Do you remember the last time you told your spouse that something they did wasn’t working for you? Or maybe you made a request for a minor change of behavior (like spending more time connecting and less time on devices), and you got a less than positive response?
Sadly, this is more the norm than the exception in long-term intimate relationships.
When you hear from your partner that something you did—or didn’t do—was perceived as less than optimal, your response may be:
- But, you did (or you do) _______________ (sometimes referred to as “hocus pocus, change the focus” or a pivot)
- Why don’t you lighten up, it’s no big deal.
- Why are you always nagging me?
- You’re just over-reacting.
When you’re on the receiving end of a response like this, a typical internal translation sounds something like, “If he/she really cared about me or our relationship, he’d listen to what is important to me.” And while this is a common perception when receiving a defensive response, the reality is that your partner’s response is 100% about them, and not at all about you. But it certainly impacts you—in a negative way.
When your spouse tells you that something you’re doing—or not doing—is less than optimal for them, and does so in a relational way, she/he is making a bid for intimacy with you.
Your partner is attempting to get closer to you, and when they make a request they’re offering you a roadmap, with directions on how to get there.
Long after the discovery of infidelity or addiction, many couples struggle to re-establish a healthy sexual connection. There are many reasons sexual reintegration is a challenge for couples impacted by infidelity, including the unfaithful spouse’s fear of relapse and his partner’s sexual trauma brought on by betrayal.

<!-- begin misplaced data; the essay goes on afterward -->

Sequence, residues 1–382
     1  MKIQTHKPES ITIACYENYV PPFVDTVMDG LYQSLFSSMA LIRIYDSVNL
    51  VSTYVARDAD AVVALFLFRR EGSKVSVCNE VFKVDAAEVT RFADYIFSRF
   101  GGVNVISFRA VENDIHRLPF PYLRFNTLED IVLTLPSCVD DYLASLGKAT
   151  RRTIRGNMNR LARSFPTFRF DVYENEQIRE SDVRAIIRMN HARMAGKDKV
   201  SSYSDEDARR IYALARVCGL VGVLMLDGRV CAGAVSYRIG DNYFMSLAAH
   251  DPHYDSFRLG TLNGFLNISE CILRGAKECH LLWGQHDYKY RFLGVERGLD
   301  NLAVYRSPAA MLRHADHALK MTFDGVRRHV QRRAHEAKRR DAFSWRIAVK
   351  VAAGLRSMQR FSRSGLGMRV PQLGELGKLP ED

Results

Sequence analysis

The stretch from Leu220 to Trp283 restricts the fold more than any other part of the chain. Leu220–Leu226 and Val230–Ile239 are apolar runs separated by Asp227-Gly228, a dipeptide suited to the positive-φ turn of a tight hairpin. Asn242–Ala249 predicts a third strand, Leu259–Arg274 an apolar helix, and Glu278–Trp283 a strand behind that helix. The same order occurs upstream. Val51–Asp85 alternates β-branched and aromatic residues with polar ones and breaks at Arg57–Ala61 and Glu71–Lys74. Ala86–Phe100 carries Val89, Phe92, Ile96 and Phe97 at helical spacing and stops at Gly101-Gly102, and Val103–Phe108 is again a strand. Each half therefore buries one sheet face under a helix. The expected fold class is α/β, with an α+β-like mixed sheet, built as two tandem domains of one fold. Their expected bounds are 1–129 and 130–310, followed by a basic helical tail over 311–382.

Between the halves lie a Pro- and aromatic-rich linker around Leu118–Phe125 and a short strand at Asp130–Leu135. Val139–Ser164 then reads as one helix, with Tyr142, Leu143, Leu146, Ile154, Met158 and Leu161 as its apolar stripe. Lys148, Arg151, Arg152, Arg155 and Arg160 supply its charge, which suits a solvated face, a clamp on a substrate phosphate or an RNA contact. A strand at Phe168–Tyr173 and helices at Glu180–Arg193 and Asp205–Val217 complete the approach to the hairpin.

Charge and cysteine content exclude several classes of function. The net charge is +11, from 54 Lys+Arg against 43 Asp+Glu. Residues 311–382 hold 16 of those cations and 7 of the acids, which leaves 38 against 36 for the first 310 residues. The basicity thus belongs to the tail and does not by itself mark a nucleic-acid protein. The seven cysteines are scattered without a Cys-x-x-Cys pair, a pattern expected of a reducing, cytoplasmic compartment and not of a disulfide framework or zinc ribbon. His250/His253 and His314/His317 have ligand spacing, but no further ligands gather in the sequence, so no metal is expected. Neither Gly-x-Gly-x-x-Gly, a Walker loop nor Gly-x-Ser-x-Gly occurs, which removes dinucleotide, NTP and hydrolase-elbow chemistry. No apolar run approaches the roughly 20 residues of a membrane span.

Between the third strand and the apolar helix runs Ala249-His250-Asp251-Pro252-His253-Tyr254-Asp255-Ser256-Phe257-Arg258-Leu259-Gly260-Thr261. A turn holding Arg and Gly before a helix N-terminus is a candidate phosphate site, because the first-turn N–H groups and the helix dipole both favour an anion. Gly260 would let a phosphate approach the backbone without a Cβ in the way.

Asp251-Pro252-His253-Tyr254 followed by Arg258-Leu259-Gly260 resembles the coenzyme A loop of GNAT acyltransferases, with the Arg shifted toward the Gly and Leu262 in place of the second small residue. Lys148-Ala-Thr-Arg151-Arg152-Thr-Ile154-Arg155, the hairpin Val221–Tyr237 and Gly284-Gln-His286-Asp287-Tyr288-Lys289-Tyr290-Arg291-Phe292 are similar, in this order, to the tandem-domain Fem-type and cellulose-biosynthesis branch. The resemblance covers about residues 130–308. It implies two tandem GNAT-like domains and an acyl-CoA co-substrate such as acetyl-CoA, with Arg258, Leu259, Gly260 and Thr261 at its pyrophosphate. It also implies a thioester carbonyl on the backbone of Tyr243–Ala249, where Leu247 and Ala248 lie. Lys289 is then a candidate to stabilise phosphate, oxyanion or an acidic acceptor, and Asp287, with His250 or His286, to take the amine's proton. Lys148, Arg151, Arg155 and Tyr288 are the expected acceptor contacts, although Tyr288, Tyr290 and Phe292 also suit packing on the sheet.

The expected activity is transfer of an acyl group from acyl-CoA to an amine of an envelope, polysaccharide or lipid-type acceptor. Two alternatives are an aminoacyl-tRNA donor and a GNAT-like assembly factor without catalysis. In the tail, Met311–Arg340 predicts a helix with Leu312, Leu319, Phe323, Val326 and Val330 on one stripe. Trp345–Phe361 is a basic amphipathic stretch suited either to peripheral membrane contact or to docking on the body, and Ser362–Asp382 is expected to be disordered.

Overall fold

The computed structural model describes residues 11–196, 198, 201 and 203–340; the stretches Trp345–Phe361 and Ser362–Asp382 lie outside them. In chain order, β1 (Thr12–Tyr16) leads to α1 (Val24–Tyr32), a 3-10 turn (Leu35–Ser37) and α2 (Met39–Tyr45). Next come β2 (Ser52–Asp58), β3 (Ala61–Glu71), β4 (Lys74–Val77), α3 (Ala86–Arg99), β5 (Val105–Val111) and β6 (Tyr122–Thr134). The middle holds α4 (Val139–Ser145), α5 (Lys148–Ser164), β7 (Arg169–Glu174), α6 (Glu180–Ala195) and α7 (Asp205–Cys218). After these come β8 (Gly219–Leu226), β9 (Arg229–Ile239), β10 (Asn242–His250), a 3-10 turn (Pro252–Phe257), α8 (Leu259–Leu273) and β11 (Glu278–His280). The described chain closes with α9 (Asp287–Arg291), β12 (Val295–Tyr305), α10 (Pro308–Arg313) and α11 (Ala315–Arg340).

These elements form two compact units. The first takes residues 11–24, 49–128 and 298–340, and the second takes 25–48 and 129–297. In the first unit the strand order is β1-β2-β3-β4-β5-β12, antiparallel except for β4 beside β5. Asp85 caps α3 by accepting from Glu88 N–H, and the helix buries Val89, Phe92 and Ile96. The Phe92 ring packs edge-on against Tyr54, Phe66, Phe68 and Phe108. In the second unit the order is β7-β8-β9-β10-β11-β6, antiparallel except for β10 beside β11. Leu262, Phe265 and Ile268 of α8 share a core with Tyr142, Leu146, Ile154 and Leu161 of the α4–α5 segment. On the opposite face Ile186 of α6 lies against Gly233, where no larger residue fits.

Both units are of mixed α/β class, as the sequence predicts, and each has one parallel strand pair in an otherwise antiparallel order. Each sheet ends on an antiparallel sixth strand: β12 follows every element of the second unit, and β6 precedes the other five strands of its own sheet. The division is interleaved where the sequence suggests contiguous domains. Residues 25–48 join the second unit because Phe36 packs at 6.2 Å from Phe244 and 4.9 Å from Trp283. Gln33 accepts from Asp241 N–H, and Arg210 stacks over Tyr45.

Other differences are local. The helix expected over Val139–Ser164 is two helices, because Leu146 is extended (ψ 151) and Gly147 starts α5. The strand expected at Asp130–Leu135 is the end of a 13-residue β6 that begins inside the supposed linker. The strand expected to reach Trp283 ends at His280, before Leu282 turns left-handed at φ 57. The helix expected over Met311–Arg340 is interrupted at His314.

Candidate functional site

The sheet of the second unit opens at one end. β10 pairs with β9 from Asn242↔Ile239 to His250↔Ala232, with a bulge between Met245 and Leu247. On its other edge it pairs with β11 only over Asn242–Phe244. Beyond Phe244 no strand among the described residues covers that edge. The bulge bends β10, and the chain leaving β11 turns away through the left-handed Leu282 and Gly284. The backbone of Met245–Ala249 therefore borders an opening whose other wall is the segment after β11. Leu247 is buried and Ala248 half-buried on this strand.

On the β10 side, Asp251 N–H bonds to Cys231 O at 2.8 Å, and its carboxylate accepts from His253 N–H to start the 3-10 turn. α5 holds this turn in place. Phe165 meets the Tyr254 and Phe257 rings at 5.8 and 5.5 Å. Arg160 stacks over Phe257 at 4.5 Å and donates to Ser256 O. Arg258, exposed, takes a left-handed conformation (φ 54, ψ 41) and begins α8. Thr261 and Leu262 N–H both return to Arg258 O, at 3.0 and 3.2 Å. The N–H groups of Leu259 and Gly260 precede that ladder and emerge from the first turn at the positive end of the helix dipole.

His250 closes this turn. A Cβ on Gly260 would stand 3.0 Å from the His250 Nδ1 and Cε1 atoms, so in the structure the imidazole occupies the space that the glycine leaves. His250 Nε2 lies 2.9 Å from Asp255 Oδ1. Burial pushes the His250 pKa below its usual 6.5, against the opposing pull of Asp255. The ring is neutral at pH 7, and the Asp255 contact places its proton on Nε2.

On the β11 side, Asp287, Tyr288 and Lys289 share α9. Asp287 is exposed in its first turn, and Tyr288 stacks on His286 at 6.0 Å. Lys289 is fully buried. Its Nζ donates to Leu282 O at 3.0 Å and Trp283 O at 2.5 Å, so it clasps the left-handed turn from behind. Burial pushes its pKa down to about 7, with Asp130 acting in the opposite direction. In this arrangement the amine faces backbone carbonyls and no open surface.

Accountability must be at the top of the list for qualities and conditions required for couples’ sexual re-connection and re-integration.
How accountability works:
- Listen to what your partner is telling you as if you’re a reporter collecting data. This will help keep emotional reactivity at a minimum.
- If you become unsettled, emotionally triggered or activated while listening (one way you can tell is if your heart-rate exceeds 100 beats per minute), take a time-out until you’re feeling grounded and centered.
- When you respond to your partner, lead with agreement. Leading with agreement (a concept from Terry Real) means you start by responding with anything about which you have the same perception. If you consistently leave your clothes lying on the floor in your shared bedroom and your partner is fed up about it, it can’t hurt to start with, “You know, you’re absolutely right. I leave my clothes on the floor several times a week.”
- Apologize if you were in the wrong.
- Carefully consider if you can say yes to your spouse’s request. If you’re not sure, tell him/her that you need some time to think about it before you respond. Using this simple tool will help you avoid a knee-jerk “no” or making an agreement that—in reality—you have no intention of keeping.
- If you agree to your partner’s request, honor it.
And here’s a paradoxical truth:
When you own—and apologize for—your mistakes, your partner’s respect and admiration for you will actually increase!
Following these simple guidelines will get you well on your way to more accountability, and when you’re more accountable you’re exponentially more attractive to your spouse. And when you’re more attractive to your spouse, you’re likely to have more and better sex.
Maybe you’re not perfect, but you’re willing to actually look at yourself and take some kind of accountability. That’s a change. It might not mean that you can turn everything around, but I think there’s something incredibly hopeful about that.
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© Vicki Tidwell Palmer, LCSW (2017)
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